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Thyroid Pathogenesis Lab Report

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Thyroid Disorder27
Pathogenesis: both hyperthyroidism and hypothyroidism can lead to amenorrhea, though most commonly it present as primary amenorrhea in patients with hypothyroidism. Low levels of thyroid hormones, T3 and T4, stimulate the hypothalamus to produce thyrotropin-releasing hormone (TRH), which stimulates both thyroid stimulating hormone (TSH) and prolactin production in the anterior pituitary. High prolactin levels inhibit GnRH production in the hypothalamus, which is needed for LH and FSH activation in the anterior pituitary. Without LH and FSH, ovarian follicles cannot mature and menstruation does not occur.

Diagnosis: patients who present with signs and symptoms of hypothyroidism, such as low energy, weight gain, cold intolerance, and amenorrhea, should be tested for the disorder with serum measurements of TSH and free T4. High TSH and low free T4 levels suggest hypothyroidism. Conversely, measurement of anti-thyroid antibodies may also be tested, such as anti-thyroglobulin, anti-thyroid peroxidase, and anti-TSH receptor. Clinical suspicion should still be present when patients do not have these characteristic hypothyroid symptoms, but present with primary amenorrhea in the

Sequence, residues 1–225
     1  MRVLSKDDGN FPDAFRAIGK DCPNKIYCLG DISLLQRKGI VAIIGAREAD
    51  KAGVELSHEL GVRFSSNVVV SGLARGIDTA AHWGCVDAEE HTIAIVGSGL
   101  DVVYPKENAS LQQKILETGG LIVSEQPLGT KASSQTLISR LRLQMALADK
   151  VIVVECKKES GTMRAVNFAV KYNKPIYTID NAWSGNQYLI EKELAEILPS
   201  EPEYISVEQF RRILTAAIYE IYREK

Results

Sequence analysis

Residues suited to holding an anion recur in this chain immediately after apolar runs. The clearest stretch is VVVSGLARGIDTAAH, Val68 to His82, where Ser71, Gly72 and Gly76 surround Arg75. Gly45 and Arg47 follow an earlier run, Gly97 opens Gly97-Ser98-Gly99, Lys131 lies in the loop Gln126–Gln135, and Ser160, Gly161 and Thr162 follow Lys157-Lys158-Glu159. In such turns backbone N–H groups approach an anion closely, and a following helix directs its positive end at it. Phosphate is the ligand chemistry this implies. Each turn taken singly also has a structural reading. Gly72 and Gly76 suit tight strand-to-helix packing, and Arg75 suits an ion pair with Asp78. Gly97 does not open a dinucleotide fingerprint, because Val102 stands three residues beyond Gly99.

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Imaging may show the presence of testes, karyotype analysis demonstrates a 46XY karyotype, and serum testosterone concentrations in the normal adult male range. CAIS should also be suspected in females with inguinal hernias or inguinal or labial masses as about 1-2% of these individuals may have CAIS. Newborns with a female phenotype can also be diagnosed if prenatal karyotyping identifies a 46,XY karyotype. In CAIS, testes may be located in the abdomen or inguinal region. If the site and size of the testes cannot be elucidated by ultrasonography then MRI may be more
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